To avoid adversely impacting the economy before the 2012 election, Obama delayed new rules and regulations on everything from ObamaCare to new environmental and workplace regulations.
by Juliet Eilperin • The Washington Post
The White House systematically delayed enacting a series of rules on the environment, worker safety and health care to prevent them from becoming points of contention before the 2012 election, according to documents and interviews with current and former administration officials.
Some agency officials were instructed to hold off submitting proposals to the White House for up to a year to ensure that they would not be issued before voters went to the polls, the current and former officials said.
The delays meant that rules were postponed or never issued. The stalled regulations included crucial elements of the Affordable Care Act, what bodies of water deserved federal protection, pollution controls for industrial boilers and limits on dangerous silica exposure in the workplace.
The Obama administration has repeatedly said that any delays until after the election were coincidental and that such decisions were made without regard to politics. But seven current and former administration officials told The Washington Post that the motives behind many of the delays were clearly political, as Obama’s top aides focused on avoiding controversy before his reelection.
The number and scope of delays under Obama went well beyond those of his predecessors, who helped shape rules but did not have the same formalized controls, said current and former officials who spoke on the condition of anonymity because of the sensitivity of the topic.
Those findings are bolstered by a new report from the Administrative Conference of the United States (ACUS), an independent agency that advises the federal government on regulatory issues. The report is based on anonymous interviews with more than a dozen senior agency officials who worked with the Office of Information and Regulatory Affairs (OIRA), which oversees the implementation of federal rules.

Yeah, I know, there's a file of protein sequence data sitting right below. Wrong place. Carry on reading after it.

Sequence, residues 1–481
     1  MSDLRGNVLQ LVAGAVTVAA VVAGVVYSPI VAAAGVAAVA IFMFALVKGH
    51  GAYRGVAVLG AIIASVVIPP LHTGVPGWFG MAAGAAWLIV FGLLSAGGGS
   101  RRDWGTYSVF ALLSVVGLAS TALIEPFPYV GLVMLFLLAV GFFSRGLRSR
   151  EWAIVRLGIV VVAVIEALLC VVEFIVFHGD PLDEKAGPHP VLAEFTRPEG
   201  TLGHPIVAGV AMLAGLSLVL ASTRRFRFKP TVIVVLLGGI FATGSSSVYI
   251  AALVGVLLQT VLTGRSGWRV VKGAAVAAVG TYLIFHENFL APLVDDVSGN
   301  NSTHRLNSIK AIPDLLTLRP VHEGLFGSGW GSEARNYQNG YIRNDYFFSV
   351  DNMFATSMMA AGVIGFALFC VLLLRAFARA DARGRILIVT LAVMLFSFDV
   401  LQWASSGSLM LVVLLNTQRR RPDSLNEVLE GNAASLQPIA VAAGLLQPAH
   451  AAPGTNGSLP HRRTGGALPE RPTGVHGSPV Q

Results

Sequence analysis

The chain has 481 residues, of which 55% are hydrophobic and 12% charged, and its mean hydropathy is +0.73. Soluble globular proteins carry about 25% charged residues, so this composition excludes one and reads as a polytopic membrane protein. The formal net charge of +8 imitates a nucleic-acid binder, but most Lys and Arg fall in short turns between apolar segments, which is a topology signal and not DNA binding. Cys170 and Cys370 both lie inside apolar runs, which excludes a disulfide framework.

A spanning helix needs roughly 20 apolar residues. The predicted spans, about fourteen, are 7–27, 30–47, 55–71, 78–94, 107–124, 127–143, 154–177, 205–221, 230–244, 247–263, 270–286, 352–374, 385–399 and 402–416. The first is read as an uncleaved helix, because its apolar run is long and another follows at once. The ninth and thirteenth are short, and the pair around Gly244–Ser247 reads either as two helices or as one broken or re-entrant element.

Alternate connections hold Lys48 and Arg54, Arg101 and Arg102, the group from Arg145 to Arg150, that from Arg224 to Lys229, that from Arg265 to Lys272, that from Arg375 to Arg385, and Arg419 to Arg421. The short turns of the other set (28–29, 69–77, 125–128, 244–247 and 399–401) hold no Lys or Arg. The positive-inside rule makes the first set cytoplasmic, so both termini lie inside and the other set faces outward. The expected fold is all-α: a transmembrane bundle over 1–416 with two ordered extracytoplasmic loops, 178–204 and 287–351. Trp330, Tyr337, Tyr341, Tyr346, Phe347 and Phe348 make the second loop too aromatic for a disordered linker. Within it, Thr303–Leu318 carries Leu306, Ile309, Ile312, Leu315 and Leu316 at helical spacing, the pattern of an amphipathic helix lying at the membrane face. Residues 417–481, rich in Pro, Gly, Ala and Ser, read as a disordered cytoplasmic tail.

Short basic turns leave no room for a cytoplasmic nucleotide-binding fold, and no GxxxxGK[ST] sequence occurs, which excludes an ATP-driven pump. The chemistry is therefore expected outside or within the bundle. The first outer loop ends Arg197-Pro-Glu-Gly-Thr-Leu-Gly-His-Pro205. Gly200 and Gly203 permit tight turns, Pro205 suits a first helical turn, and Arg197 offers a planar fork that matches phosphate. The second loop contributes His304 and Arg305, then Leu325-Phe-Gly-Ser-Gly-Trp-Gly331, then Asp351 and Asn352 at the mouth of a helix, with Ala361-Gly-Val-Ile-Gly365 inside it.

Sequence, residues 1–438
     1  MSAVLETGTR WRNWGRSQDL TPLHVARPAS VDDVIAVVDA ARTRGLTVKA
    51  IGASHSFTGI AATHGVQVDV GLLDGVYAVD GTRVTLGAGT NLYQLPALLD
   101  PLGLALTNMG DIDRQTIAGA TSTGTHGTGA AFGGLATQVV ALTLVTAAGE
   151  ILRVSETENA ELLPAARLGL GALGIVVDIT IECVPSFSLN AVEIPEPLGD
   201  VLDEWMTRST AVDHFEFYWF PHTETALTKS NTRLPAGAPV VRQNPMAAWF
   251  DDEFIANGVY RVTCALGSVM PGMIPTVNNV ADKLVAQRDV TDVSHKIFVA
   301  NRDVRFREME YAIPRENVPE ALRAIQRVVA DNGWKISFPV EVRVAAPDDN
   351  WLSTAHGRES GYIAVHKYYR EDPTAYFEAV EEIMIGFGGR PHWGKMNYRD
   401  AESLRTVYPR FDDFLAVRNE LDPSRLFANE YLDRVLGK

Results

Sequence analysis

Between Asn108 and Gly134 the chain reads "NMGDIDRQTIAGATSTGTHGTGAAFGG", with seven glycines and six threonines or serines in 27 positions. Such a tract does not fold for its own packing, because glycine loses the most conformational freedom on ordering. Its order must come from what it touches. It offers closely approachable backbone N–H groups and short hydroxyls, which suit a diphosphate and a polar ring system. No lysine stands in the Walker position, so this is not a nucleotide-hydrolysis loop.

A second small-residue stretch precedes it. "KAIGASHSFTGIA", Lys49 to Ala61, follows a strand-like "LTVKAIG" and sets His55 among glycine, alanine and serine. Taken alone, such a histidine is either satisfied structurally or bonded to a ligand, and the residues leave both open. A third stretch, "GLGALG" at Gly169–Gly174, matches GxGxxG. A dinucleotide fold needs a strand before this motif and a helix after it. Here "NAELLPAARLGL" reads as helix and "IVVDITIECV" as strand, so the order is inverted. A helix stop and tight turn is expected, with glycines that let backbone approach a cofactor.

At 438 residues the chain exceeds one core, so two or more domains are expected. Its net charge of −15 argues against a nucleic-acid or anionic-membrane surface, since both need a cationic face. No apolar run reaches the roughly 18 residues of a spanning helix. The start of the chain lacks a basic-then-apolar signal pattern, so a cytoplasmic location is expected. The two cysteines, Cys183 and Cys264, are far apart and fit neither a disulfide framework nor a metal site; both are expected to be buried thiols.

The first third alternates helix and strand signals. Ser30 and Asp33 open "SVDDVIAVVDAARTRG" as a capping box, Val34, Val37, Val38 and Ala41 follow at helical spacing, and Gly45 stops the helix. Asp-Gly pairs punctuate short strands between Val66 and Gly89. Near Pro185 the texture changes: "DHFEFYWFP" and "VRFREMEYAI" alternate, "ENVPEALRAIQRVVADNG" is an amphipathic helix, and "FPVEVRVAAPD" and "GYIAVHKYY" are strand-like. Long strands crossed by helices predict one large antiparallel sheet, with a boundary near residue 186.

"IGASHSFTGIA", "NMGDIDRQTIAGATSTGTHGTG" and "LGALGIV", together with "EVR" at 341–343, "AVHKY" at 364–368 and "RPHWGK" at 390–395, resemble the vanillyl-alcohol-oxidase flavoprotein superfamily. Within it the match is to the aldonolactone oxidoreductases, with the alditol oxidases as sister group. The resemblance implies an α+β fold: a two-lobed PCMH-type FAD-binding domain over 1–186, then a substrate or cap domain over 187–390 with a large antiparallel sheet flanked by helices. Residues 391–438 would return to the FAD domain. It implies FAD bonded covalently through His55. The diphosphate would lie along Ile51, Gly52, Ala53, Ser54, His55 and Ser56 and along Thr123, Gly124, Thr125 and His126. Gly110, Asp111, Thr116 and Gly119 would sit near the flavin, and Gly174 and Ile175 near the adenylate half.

The report said internal reviews of proposed regulatory changes “took longer in 2011 and 2012 because of concerns about the agencies issuing costly or controversial rules prior to the November 2012 election.”
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Ronald White, who directs regulatory policy at the advocacy group Center for Effective Government, said the “overt manipulation of the regulatory review process by a small White House office” raises questions about how the government writes regulations. He said the amount of time it took the White House to review proposed rules was “particularly egregious over the past two years.”
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The recent decision to bring on Democratic strategist John Podesta as a senior White House adviser is likely to accelerate the number of new rules and executive orders, given Podesta’s long-standing support for using executive action to achieve the president’s goals despite congressional opposition.
Sen. Richard Blumenthal (D-Conn.), who chairs the Judiciary Subcommittee on Oversight, Federal Rights and Agency Action, said he’s concerned about the real-world impact of the postponements in the first term.
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The officials interviewed for the ACUS report, whose names were withheld from publication by the study authors, said that starting in 2012 they had to meet with an OIRA desk officer before submitting each significant rule for formal review. They called the sessions “Mother-may-I” meetings, according to the study.
The accounts were echoed by four Obama administration political appointees and three career officials interviewed by The Post.
At the Environmental Protection Agency, for example, a former official said that only two managers had the authority to request a major rule in 2012: then-administrator Lisa P. Jackson and deputy administrator Bob Perciasepe. Perciasepe and OIRA’s director at the time, Cass Sunstein, would have “weekly and sometimes semi-weekly discussions” to discuss rules that affected the economy, one said, because they had political consequences, the person said.
“As we entered the run-up to the election, the word went out the White House was not anxious to review new rules,” the former official said.
Sunstein, who has returned to his post as a Harvard Law School professor, declined to comment….
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Juliet Eilperin is a longtime reporter for The Washington Post.